What causes phlegm?

What causes phlegm?

An excessive amount of phlegm can feel uncomfortable and unpleasant – especially if it’s thick and builds up in your throat. But the truth is, your body requires a certain amount of mucus in order to stay healthy. If you’re producing more phlegm than usual lately, you may be wondering why. In this article, we take a closer look at what causes phlegm.

Where does phlegm come from?

Phlegm is a thick, gloopy type of mucus, and you may find that you experience more of it when you’re unwell, such as if you have a respiratory infection like the common cold[1]. A surge in phlegm production is your body’s immune response to illness as it works to trap and get rid of unwanted germs and bacteria. Your body may also produce more phlegm as a reaction to exposure to a particular allergen or pollutant[2].

Why do I have phlegm in my throat?

Phlegm often builds up in your throat, but why? In a nutshell, your body works extra hard to keep this type of mucus away from your lungs. Your lungs feature small, hair-like structures called cilia which keep this mucus moving, forcing the phlegm upwards into your throat. The build-up of phlegm can make you feel like you need to clear your throat constantly, and it’s likely that you’ll also have the urge to cough as a way to remove this mucus.

Phlegm is produced by the body for a variety of different reasons. Here are some of the most common:

Acid reflux

Acid reflux, which is commonly known as heartburn, refers to stomach acid travelling up the oesophagus towards the throat. This happens when the sphincter muscle at the end of the oesophagus relaxes when it shouldn’t. One of the symptoms of acid reflux is excessive phlegm at the back of the throat. Other symptoms include a cough, recurring hiccups, bad breath, nausea, bloating and hoarseness

Acid reflux can be caused by a number of different things, including:

  • Smoking
  • Spicy, fatty or acidic food
  • Alcohol
  • Pregnancy
  • Being overweight
  • Stress
  • Anti-inflammatories, such as ibuprofen

You may be able to treat or reduce acid reflux by making simple lifestyle changes, such as quitting smoking, changing your diet, losing weight, eating little and often and finding ways to relax. If you cannot relieve your symptoms, you should seek advice from a medical professional[3].

Allergic rhinitis

Excessive phlegm production can also be caused by allergic rhinitis. This refers to inflammation of the inside of the nose due to the immune system overreacting to allergens such as pollen, dust or animal dander.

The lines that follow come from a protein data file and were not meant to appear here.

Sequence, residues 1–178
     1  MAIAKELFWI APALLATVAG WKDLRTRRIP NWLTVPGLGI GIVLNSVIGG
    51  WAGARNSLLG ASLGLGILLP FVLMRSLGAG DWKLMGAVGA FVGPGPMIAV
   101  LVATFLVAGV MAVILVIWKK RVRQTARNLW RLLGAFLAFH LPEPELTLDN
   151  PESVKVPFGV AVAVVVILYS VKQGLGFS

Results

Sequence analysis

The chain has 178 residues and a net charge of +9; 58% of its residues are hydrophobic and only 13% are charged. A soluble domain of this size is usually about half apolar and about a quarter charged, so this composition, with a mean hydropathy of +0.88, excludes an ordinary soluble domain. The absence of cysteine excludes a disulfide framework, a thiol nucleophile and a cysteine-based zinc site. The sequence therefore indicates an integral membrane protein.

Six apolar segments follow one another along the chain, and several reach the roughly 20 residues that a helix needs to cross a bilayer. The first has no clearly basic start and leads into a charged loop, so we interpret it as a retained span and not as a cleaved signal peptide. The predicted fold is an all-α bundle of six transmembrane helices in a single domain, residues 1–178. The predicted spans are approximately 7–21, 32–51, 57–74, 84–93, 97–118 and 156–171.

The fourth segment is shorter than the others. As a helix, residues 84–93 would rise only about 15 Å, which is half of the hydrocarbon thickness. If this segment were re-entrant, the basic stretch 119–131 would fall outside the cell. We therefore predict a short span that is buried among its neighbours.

Allergic rhinitis typically presents as cold symptoms like a blocked or runny nose, itchiness and sneezing. Reducing your exposure to allergens can help to alleviate your symptoms. It can also help to rinse your nose with a salt water solution.

Antihistamines can relieve symptoms, and sometimes doctors will prescribe corticosteroid sprays if nothing else is working[2].


Asthma is a chronic condition that involves the airways narrowing due to inflammation. Asthma and excessive phlegm production often go hand in hand. If you suffer from asthma and you are coughing up a lot of phlegm, it may indicate that your airways are inflamed. Other symptoms can include wheezing, breathlessness and coughing.

You should use a reliever inhaler to help to reduce inflammation and open up your airways. However, if you need this inhaler more than three times per week, you should seek advice from your doctor. Using your daily preventer inhaler can help you to keep inflammation to a minimum[4].

Infections, such as the common cold

When you have a bad cold or other respiratory infection, phlegm production can go into overdrive. You may notice that it is thicker or darker in colour than usual. You may also experience a sore throat, runny nose, a cough, sneezing and tiredness. Drinking plenty of fluids, gargling with salt water and using saline nasal sprays can all help to reduce phlegm production.

A cold will usually get better by itself in around 10 days. To recover quickly, you should rest as much as possible and try to stay warm and hydrated. If you have a sore throat, you may wish to take lozenges to help numb the pain and fight infection. If your respiratory infection is more serious and doesn’t get better without treatment, you may need to consult your doctor[1].

Certain lung diseases

There are a range of lung diseases that can cause phlegm production to increase. They include:

  • chronic bronchitis
  • cystic fibrosis
  • pneumonia
  • chronic obstructive pulmonary disease (COPD).

Smoking and infections are the most common causes of lung diseases[5]. Genetics can also play a significant role. Symptoms can range from a persistent cough, to shortness of breath, to coughing up blood or mucus. You may feel like you cannot exercise like you used to, feel tired all the time or experience unintentional weight loss. If you think your phlegm may be caused by a lung disease, it’s important that you seek advice from your doctor.


[1] https://www.nhs.uk/conditions/common-cold/

[2] https://www.nhs.uk/conditions/allergies/

[3] https://www.nhs.uk/conditions/heartburn-and-acid-reflux/

[4] https://www.nhs.uk/conditions/asthma/

[5] https://www.nhs.uk/common-health-questions/lifestyle/what-are-the-health-risks-of-smoking/